Consumers in the US are shunning conspicuous consumption in favour of shopping that gives meaning to their lives
I was casting about for clues on the economic outlook, specifically the consumer's state of wellbeing and his willingness to spend, when a pitch from marketing consultancy Yankel- ovich Partners caught my eye.
'Why is the consumer mood not reviving?' was one of the questions I hoped to have answered when I dialed in to participate in a Yankelovich conference call. Perhaps I needed to look beyond traditional measures of consumer fundamentals, such as employment, interest rates, personal income, confidence and debt burdens, to find the answer.
I learned that the American consumer is undergoing a huge transformation. No longer are we content to shop for stuff. Now we are shopping for meaning. (Who said we could not buy meaning?)
We are living in a 'post-accumulation marketplace' where quality is more important than quantity, intangibles top tangibles, and time is a more valuable commodity than money. Our guide through the maze of marketing mumbo-jumbo, Yankelovich President J. Walker Smith, did not explain how we find the time to pursue 'meaning' without the wherewithal (money) to support the search.
I also learned that we crave 'comfort and connection.' Cocooning is out; 'hiving' is in. Cocooning is a retreat from engagement. Hiving is not a retreat. It is not defensive. It is not self-indulgent.
Instead, 'hiving is an embrace of others in a safe setting abuzz with activity and engagement,' Smith said. The bees figured this out centuries ago. Higher up the food chain, we Homo sapiens are just coming to this realisation.
Consumers prefer hiving to cocooning by two to one. Can one cocoon in a hive or is that passÃ©?
I was made aware of the 'new context in which people are making decisions'. No longer are a Porsche in the driveway, a country club membership and high-speed Internet access considered 'necessities'.
Instead, the list includes time with family and friends, a happy marriage, time each day for oneself, a job that you love and a stress-free job. (It is unclear whether to love a job it has to be stress-free, or whether each is a separate job prerequisite, favoured by a different group of consumers.)
'Luxuries' include a digital camera, a cell phone, new clothes each season and a vacation every year. No wonder the airlines are going bankrupt.
Lest you think the American consumer is abandoning the mall, rest assured we are not becoming a nation of savers. We are just discarding conspicuous consumption in favour of shopping that gives meaning to our lives. 'We want different satisfactions from the marketplace,' Smith said. 'Our connection with shopping is being transformed.'
Now I was really lost. So I called Smith back to see if he could translate the marketing jive into macroeconomic terms I could understand.
Apparently the consumer's search for meaning predates the war with Iraq and even the terrorist attacks of 11 September 2001.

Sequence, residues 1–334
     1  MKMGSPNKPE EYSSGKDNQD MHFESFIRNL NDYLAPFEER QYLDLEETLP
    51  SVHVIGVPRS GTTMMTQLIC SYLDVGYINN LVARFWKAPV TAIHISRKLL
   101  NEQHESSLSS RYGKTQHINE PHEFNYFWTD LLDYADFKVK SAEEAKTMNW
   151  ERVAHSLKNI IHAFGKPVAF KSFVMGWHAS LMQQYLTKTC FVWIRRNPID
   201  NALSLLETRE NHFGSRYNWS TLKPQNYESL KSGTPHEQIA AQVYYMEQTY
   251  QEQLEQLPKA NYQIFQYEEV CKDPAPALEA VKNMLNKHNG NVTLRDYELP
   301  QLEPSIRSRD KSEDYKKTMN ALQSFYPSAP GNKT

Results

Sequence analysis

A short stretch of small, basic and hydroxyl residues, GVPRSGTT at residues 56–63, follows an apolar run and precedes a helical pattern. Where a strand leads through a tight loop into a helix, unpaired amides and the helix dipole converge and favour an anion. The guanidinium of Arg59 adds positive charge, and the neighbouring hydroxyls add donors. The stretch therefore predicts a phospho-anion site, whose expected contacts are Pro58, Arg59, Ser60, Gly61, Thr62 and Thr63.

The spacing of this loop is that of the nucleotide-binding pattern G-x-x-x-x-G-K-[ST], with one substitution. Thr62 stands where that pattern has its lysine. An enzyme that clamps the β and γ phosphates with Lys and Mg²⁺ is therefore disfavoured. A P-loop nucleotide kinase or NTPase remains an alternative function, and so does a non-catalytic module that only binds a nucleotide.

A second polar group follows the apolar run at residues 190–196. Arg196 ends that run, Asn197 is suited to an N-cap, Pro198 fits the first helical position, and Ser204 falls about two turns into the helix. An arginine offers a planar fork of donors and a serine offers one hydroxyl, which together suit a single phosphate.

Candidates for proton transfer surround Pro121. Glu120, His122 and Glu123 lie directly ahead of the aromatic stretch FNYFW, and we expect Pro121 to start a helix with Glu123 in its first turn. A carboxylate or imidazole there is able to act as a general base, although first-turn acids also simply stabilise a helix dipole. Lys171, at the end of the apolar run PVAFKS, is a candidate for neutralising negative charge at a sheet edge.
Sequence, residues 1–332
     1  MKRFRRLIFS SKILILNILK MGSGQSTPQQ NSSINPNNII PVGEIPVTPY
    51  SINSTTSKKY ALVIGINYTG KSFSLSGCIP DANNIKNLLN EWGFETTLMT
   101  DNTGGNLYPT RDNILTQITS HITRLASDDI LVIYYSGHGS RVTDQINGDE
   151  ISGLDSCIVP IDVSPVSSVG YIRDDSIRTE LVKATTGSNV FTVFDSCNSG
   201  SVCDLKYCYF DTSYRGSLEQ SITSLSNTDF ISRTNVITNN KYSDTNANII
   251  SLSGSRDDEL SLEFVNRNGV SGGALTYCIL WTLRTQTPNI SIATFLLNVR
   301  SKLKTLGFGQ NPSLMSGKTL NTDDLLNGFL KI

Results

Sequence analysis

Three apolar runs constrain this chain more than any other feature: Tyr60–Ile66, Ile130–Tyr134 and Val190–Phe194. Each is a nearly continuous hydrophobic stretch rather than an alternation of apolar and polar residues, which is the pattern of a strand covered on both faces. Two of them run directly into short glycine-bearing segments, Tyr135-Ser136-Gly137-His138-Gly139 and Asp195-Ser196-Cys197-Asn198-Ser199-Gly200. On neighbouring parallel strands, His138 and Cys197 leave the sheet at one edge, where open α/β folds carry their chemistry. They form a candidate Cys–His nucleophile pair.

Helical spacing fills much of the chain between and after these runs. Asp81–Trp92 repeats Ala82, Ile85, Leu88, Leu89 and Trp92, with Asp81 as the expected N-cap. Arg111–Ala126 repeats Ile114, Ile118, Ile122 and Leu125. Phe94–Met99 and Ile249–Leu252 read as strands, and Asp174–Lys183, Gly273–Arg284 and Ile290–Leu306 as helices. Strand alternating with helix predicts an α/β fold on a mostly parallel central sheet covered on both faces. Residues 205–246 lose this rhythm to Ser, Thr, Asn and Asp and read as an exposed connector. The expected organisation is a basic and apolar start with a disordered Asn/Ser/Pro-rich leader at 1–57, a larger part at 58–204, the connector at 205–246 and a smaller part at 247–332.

'What we're seeing now is a crystallisation of trends that have been going on for two years,' Smith said.
I was starting to get it. It was all about the stock market bubble and bust. When the family stock portfolio was soaring, we partied hard and spent like drunken sailors. When the boom went bust, we could no longer afford to be indiscriminate acquirers and were left searching for new meaning in our lives.
All this contextual framework and post-accumulation marketplace nonsense was just a fancy way of saying we are not as wealthy as we used to be. Our behaviour changed, and along with it the level of economic activity. So I was back to square one. Maybe Smith could help me go deeper.
'The anxiety the consumer is feeling has a lot to do with the economy,' Smith said. The number one worry, gleaned from five different Yankelovich surveys (phone, internet and door-to-door) since the start of the year, is job security. 'The consumer mood is not going to turn around until jobs are being created,' Smith said.
Finally he was talking my language. The deleterious effect of unemployment was something I didn't need Yankelovich's marketing gurus to explain.
The Bureau of Labor Statistics reported that jobless claims rose 8,000 to 455,000 in mid April, the highest in more than a year. Claims are not about to dwindle until businesses have sufficient demand for the goods they produce and services they provide to require additional employees to produce and provide them.
So all this talk about a new context for shopping and a search for meaning in the marketplace really boils down to jobs, jobs, jobs. If I had known, I could have saved enough time (a necessity) in a job that I love (another necessity) to look for meaning in the marketplace.
Bloomberg newsroom, New York
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